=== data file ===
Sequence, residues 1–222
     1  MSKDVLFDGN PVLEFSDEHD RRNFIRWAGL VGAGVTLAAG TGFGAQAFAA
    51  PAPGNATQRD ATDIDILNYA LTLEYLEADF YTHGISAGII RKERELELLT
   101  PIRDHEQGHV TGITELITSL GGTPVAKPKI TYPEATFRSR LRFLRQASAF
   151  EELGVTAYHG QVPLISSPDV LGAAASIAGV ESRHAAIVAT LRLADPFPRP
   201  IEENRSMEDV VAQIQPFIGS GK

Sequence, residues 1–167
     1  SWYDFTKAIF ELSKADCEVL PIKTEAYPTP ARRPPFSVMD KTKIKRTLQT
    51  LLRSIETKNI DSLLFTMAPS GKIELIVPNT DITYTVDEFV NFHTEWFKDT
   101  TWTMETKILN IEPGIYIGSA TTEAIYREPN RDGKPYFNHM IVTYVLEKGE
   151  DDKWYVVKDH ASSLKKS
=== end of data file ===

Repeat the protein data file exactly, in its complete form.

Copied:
Sequence, residues 1–222
     1  MSKDVLFDGN PVLEFSDEHD RRNFIRWAGL VGAGVTLAAG TGFGAQAFAA
    51  PAPGNATQRD ATDIDILNYA LTLEYLEADF YTHGISAGII RKERELELLT
   101  PIRDHEQGHV TGITELITSL GGTPVAKPKI TYPEATFRSR LRFLRQASAF
   151  EELGVTAYHG QVPLISSPDV LGAAASIAGV ESRHAAIVAT LRLADPFPRP
   201  IEENRSMEDV VAQIQPFIGS GK

Sequence, residues 1–167
     1  SWYDFTKAIF ELSKADCEVL PIKTEAYPTP ARRPPFSVMD KTKIKRTLQT
    51  LLRSIETKNI DSLLFTMAPS GKIELIVPNT DITYTVDEFV NFHTEWFKDT
   101  TWTMETKILN IEPGIYIGSA TTEAIYREPN RDGKPYFNHM IVTYVLEKGE
   151  DDKWYVVKDH ASSLKKS